Gov. Sanford Raises Concerns over Federal REAL ID / PASS ID law
In light of ongoing revisions to the federal REAL ID law - now renamed PASS ID - Gov. Sanford today outlined three main concerns as policymakers in Washington, DC continue modifying what is now widely regarded as an impractical, intrusive federal mandate.
In March of last year, Gov. Sanford refused to apply for an extension of the federally imposed deadline on compliance with REAL ID - in effect forcing the U.S. Department of Homeland Security to issue an assurance that South Carolinians would not be penalized because of the state's non-compliance. Gov. Sanford argued that the South Carolina DMV had already met 90 percent of REAL ID's benchmarks; that the legislation had never been properly debated in Congress; that the law represented a $9 billion unfunded mandate; and - most importantly - that REAL ID presented serious threats to individual liberty.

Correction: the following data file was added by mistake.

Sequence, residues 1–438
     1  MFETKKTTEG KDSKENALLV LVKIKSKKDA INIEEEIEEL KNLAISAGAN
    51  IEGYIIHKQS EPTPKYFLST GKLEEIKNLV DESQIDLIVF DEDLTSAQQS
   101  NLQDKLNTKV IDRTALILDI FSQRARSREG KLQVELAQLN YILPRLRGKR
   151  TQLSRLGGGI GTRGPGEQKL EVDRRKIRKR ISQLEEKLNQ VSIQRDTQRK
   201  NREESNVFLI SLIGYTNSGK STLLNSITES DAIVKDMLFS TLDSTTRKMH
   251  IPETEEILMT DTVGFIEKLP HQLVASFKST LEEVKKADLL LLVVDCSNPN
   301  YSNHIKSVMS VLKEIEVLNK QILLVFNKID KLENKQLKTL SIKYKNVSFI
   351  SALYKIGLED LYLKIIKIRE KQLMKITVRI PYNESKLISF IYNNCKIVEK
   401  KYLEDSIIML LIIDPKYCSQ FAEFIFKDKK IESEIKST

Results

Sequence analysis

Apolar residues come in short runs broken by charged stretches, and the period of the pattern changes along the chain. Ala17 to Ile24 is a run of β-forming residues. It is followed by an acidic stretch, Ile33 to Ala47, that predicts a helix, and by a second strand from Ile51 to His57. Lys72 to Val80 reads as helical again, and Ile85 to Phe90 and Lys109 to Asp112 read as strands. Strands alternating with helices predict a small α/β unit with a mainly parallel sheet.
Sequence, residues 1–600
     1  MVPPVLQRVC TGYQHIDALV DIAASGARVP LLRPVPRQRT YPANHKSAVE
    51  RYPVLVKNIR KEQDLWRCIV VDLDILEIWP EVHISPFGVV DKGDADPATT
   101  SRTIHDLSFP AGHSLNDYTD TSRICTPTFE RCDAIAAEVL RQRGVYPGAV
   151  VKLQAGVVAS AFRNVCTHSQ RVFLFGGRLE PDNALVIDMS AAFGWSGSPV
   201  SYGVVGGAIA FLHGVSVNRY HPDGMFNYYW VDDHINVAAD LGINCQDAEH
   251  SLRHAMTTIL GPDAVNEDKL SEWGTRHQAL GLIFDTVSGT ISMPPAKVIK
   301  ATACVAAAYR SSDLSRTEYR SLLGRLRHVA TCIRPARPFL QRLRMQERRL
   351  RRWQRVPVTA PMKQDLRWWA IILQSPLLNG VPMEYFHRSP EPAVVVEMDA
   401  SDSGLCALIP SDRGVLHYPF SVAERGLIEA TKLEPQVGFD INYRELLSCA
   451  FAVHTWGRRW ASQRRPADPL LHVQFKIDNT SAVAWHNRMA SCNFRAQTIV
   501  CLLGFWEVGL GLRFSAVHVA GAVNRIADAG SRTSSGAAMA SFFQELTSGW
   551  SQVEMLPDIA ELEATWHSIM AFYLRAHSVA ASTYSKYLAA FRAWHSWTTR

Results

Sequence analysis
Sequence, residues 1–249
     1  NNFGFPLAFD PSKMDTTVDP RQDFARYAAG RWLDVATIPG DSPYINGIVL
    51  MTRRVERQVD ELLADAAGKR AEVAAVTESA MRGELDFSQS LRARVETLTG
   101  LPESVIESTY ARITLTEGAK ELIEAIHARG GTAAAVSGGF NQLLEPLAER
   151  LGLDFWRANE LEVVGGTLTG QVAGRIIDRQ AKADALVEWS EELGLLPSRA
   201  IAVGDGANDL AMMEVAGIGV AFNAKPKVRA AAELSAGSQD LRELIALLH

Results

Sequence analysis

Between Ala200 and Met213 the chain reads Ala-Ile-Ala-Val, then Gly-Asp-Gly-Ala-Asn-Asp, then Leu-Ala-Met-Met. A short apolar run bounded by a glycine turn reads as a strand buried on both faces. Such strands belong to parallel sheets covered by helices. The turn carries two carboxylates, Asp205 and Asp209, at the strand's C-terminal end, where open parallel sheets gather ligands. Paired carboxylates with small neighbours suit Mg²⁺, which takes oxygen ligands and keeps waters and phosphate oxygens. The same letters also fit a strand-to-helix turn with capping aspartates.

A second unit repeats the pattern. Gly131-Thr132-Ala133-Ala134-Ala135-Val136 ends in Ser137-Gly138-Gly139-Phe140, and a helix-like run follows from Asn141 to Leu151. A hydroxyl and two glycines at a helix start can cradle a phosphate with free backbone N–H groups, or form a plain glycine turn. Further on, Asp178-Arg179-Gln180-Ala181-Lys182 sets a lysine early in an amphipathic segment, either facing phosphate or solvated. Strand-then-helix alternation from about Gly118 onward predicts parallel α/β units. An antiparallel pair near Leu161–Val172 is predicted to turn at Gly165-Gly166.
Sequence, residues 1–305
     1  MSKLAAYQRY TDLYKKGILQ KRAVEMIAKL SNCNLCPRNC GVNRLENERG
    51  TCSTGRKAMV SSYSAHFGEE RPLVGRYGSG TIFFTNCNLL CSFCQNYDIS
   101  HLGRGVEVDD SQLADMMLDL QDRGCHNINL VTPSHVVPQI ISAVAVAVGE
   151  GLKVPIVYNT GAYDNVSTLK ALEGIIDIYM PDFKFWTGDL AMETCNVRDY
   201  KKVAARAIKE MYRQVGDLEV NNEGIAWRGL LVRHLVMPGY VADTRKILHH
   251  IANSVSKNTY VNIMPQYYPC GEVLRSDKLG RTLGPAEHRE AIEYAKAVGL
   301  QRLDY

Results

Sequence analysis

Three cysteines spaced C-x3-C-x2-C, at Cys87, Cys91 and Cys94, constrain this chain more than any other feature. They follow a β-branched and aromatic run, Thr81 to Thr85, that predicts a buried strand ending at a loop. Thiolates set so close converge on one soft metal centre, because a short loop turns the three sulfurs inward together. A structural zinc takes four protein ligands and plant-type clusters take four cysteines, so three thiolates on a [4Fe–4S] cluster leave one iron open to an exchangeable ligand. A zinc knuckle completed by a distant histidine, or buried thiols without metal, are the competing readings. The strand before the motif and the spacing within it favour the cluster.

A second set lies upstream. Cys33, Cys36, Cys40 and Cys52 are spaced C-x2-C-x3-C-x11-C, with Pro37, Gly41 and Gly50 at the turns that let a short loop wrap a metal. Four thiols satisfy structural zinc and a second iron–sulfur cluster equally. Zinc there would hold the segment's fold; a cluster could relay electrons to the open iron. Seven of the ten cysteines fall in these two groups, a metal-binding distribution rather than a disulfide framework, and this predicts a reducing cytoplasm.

Since then, federal authorities - in particular the Department of Homeland Security, led by Sec. Janet Napolitano, and the Senate Committee on Homeland Security and Governmental Affairs, led by Sens. Joseph Lieberman and Collins - have worked with the National Governors Association to revise REAL ID. "I'd give real credit to Secretary Napolitano, Senator Lieberman, and the NGA for their work in easing the enormous unfunded burden this law would impose on the states," Gov. Sanford said. "Still, going forward, there are four issues with the PASS ID that we would like to see addressed."
Gov. Sanford outlined four main concerns with the PASS ID legislation:
* If there are going to be secondary levels of screening under this law, that ought to be defined now.
* The allegedly "voluntary" pilot program establishing a centralized "hub" of citizens' identities should be removed from the legislation. History suggests that such "voluntary" programs become mandatory once the federal government consolidates its authority and oversight.
* PASS ID does not prohibit the use of RFID (radio frequency identification) technology in drivers' licenses, which makes citizens susceptible to tracking by public and private entities, including hackers.
* PASS ID does not provide adequate protection to the identities of victims of criminal domestic violence.
Gov. Sanford sent a letter to Secretary Napolitano outlining these concerns on May 5 of this year. An additional letter following up on the issue will be sent today to Senator Lieberman today.